Weight loss doesn’t happen overnight and unfortunately, there is no magic pill to melt unwanted pounds away. It’s a difficult process. If you have a weight loss goal in mind, there is no shortage of naysayers out there to drag you down and drain away your motivation. Not to mention all of the weight loss “experts” with their endless amounts of advice, that never seems to work anyway. Right?
Well, if you are trying to lose a few pounds or even if you have a larger weight loss goal, you aren’t alone. There are millions of people just like you working hard to lose weight or successfully keep up with their weight loss, right now.
No matter what your goal is, here are five everyday habits to help you get there:
When it comes to weight loss, you have probably already been told that calories are your worst enemy. But what you may not have heard is that the old calories in/calories out equation isn’t all there is to a successful long-term weight loss. In fact, calorie counting is one of the most archaic ways to watch your weight – and it can really bum you out, too.
The fact is not all calories are created equal. So, if you eat a candy bar that has 400 calories, it is not the same as eating a balanced dinner that totals the same 400 calories. Why? Because the calories in the candy bar are mostly from sugar and processed trans-fats that can not only damage your waistline, but also your health.
A balanced meal, on the other hand, may total 400 calories, but those calories also include protein, vitamins, minerals, and other nutrients your body needs to stay healthy.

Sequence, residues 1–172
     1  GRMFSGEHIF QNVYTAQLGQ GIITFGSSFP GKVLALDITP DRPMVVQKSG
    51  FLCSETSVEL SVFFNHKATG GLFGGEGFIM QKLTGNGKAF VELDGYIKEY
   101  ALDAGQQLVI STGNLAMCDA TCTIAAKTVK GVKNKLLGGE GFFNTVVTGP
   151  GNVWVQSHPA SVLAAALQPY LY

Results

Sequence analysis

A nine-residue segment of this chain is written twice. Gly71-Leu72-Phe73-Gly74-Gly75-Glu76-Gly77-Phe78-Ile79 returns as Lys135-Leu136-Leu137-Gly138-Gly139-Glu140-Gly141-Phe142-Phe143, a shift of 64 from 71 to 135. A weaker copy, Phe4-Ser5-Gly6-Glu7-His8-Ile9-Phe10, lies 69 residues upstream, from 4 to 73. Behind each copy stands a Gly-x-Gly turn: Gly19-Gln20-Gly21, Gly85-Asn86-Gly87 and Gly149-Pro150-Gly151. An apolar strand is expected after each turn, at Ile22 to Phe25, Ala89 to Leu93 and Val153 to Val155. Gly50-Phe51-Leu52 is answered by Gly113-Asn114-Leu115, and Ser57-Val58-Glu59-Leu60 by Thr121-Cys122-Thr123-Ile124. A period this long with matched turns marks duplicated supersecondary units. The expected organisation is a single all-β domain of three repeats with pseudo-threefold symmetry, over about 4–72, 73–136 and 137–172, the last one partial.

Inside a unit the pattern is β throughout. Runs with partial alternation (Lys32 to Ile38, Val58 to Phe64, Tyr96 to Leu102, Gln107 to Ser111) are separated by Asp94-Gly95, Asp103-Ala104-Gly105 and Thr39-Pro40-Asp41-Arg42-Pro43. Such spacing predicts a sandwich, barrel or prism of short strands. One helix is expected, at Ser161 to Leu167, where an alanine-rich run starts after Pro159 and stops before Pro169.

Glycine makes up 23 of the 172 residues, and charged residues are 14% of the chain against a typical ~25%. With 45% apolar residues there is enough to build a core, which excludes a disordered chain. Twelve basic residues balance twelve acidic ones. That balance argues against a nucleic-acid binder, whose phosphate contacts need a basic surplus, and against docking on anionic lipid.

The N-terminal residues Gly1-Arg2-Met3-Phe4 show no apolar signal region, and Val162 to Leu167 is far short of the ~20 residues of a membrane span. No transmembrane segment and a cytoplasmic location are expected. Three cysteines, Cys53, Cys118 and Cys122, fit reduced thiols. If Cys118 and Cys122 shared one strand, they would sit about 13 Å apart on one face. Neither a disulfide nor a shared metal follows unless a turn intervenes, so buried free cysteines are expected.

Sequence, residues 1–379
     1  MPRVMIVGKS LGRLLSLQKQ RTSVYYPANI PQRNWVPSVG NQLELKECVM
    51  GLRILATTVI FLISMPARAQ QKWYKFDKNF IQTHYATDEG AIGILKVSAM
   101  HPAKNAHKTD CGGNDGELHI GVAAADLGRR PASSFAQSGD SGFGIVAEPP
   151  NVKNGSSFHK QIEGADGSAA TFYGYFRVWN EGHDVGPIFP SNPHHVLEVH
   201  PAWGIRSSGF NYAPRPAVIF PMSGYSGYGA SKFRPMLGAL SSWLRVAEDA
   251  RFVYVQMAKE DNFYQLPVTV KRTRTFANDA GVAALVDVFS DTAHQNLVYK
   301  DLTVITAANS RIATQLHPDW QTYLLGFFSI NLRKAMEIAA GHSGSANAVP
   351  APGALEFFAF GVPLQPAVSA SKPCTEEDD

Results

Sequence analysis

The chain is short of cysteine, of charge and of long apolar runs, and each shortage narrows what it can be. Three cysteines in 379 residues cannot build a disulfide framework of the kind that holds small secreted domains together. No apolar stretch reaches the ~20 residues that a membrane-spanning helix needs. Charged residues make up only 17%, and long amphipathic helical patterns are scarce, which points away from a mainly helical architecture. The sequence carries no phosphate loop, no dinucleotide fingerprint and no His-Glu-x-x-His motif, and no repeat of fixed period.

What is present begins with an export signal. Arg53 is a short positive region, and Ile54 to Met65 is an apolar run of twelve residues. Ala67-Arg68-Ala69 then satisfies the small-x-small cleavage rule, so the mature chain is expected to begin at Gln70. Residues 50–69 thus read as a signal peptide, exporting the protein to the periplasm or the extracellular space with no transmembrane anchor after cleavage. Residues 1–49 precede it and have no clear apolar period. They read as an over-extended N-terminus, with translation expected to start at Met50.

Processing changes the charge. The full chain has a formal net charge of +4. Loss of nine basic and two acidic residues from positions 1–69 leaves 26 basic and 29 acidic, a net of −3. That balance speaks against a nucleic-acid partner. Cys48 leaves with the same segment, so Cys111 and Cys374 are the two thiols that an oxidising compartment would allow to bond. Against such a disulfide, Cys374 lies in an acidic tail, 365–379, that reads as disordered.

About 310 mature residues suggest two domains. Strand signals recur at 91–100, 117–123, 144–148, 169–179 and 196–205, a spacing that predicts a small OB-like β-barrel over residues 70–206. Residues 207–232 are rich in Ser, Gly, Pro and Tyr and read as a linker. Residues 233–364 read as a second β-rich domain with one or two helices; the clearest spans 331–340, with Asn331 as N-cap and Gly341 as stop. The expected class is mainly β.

As a general note, always remember that 400 sugar calories are much harder to burn off on the treadmill than 400 calories from a steak, potatoes, and green beans. Not to mention that those sugar calories offer nothing that your body needs nutritionally.1
Keep your eyes off of the number on your scale, and re-direct them towards your BMI. Also known as your Body Mass Index, this number is much more important than the number on the scale, and it’s a better reflection of your “weight.”
BMI is a measure of body fat percentage based on your height and weight, and it factors in muscle density, so don’t get confused by the number on the scale. Remember: muscle weighs more than fat, so during the first few weeks of your weight loss, you may see what seems like weight gain when you step on your scale. That number can be deceiving. After all, during workouts you are not just burning calories … you are also building muscle.
Don’t let the number on the scale fool you. Calculate your BMI with a professional at the gym, or here with this simple BMI calculator.
When most people set a weight loss goal, they start out strong. But after a few weeks, that motivation begins to fall away, and it can become difficult to keep going. Here is a little secret to successful weight loss you may not know: sleep speeds weight loss. It’s true!
It may be hard to believe that something so restful could be so helpful, but during sleep, your body isn’t just resting. It is also working hard to replenish lost stores of hormones needed to regulate your appetite, metabolism and even fat storage.2
Here are just 3 tips to help you get the rest your body needs to avoid food cravings, hunger, and unwanted fat storage: